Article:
On this week’s episode of the CoinGeek Weekly Livestream, Kurt Wuckert Jr. hosted an Ask Me Anything in which he talked about how to make Bitcoin stronger, building on BSV, Edward Snowden, intellectual property rights, and much more.
The protocol war
After reminding us to focus on building value rather than participating in social media shenanigans, Wuckert reiterates that big block Bitcoin SV has already won the protocol war.
He notes that people may laugh at this idea, but the facts show that BSV is the best blockchain by every technical metric. Therefore, BSV won the protocol war. That said, it’s possible to lose the commercial battles and wars to come; it’s not just the protocol war.
Emphasizing this point, Wuckert points out that scaling to hundreds of billions of transactions is not just a computer science problem that should be left to R&D departments. Ultimately, these problems will only be solved when the true need for scale is there from an economic standpoint.
Hard work, building businesses, and solving problems with the blockchain will ultimately make Bitcoin stronger. We all have a responsibility to it because “we all work for Bitcoin,” Wuckert says, echoing Jack Liu.
Bridging the gap between blockchain and traditional finance
Viewer ‘Messy Times’ asks what the best approach to bridging the gap between blockchain and the traditional finance guys who view it as “drunk monkey pics” is?
Wuckert says that the first step is being honest: right now, most of it is just drunk monkey pictures. The situation is so absurd that it has become an opportunity cost to try and build a real business. “There’s more money in memes than there is in infrastructure,” he says, noting that he would have been much richer if he had flipped JPEGs rather than built a mining company.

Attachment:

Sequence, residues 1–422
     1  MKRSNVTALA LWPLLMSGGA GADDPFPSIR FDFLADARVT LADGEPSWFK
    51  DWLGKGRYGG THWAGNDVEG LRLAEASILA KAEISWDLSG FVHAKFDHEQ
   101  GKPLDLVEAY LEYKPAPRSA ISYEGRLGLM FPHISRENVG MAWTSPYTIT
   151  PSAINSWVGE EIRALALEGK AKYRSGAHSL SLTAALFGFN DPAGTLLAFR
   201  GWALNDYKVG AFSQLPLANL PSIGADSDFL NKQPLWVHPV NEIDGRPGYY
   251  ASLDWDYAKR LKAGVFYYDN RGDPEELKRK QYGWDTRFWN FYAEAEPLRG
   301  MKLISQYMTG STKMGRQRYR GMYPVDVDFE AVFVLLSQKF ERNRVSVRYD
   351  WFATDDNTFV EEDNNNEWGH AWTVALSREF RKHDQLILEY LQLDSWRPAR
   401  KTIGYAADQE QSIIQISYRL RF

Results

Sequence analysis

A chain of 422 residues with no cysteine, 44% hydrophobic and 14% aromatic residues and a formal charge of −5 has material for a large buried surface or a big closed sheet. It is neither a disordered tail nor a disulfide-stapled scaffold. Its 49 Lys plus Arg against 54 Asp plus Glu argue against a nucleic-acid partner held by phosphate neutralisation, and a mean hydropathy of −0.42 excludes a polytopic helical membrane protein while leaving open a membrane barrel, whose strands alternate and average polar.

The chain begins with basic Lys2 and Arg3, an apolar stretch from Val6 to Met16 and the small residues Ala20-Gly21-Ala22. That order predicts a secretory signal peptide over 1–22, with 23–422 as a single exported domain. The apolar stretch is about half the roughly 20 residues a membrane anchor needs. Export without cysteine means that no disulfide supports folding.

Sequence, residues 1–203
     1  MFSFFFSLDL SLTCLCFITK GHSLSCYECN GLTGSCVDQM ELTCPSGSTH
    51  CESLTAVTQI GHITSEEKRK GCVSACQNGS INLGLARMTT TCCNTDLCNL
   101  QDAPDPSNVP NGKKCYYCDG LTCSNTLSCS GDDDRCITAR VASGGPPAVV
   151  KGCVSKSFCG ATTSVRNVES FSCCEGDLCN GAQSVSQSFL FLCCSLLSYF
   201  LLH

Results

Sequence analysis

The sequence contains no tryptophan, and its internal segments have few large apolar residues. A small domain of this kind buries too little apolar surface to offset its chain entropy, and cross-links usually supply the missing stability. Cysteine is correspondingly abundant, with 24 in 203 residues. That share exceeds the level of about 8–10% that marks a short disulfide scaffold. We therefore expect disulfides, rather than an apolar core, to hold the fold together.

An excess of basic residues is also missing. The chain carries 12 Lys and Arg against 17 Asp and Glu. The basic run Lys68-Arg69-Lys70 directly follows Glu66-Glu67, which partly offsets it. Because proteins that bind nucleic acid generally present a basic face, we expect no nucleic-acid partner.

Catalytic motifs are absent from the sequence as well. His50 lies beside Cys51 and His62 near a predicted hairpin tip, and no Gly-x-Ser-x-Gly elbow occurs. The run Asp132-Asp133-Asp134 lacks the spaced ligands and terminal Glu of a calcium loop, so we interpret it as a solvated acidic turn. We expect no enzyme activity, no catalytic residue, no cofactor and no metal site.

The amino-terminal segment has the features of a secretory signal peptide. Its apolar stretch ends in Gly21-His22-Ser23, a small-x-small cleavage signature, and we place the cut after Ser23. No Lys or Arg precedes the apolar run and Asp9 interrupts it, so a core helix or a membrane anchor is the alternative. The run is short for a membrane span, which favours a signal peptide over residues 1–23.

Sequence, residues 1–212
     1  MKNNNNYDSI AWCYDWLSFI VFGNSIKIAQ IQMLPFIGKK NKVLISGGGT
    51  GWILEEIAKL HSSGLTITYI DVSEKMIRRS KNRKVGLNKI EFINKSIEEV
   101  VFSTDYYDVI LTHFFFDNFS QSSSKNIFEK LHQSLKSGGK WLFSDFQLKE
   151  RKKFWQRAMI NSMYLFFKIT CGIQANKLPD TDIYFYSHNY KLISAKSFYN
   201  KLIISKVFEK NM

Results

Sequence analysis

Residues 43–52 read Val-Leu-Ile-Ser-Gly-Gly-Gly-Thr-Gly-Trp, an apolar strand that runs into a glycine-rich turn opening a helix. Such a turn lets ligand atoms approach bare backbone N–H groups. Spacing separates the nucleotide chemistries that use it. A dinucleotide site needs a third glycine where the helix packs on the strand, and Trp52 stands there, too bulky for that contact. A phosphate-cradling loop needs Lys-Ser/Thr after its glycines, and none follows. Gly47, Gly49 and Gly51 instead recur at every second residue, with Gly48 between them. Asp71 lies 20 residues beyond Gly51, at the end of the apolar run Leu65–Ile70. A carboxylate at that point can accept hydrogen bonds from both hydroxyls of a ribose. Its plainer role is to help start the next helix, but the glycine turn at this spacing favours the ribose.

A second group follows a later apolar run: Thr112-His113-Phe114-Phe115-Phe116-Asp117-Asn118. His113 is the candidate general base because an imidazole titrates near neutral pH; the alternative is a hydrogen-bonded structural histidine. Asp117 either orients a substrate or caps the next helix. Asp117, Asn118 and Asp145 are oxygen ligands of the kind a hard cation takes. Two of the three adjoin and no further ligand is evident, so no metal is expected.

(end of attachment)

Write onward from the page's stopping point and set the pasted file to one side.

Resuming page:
MakerDAO’s Nikolai Mushegian
In this episode, Wuckert also comments on the recent events surrounding Nikolai Mushegian, the founder of MakerDAO, who was found dead this week in Puerto Rico. He had previously been a BSV supporter.
While his death is shrouded in mystery, and he tweeted conspiratorial things about Mossad and spies before he was found, Wuckert finds his death saddening because he was such a vocal supporter of Bitcoin SV.
Edward Snowden and Dr. Craig Wright
Speaking of spies, Wuckert turns to the recent spat between Edward Snowden and Dr. Craig Wright on Twitter. He says upfront that we’re talking about intelligence agency assets, so there’s a lot of disinformation.
Briefly covering the history, Wuckert tells us that Snowden was a CIA contractor who released information about what the NSA was monitoring by spying on Americans using technology. This was a huge story about a decade ago, and Snowden ultimately fled to Hong Kong and then Russia to escape prosecution. Overall, Wuckert thinks what Snowden did was a net good as it exposed massive privacy violations and government overreach.
However, Dr. Wright doesn’t feel the same way. He called Snowden a “piece of traitorous scum.” Wuckert tries to see things from Dr. Wright’s perspective, noting that he is an Anglosphere patriot and loves British thought. This is why he’s so passionate about law and order. He’s also from an older generation in which the USSR was the baddie, and so those who work with Russia are automatically seen in a negative light.
News and updates from BSV companies
Viewer Brandon Ward asks if there are any major updates or newsworthy events in the pipeline from BSV companies.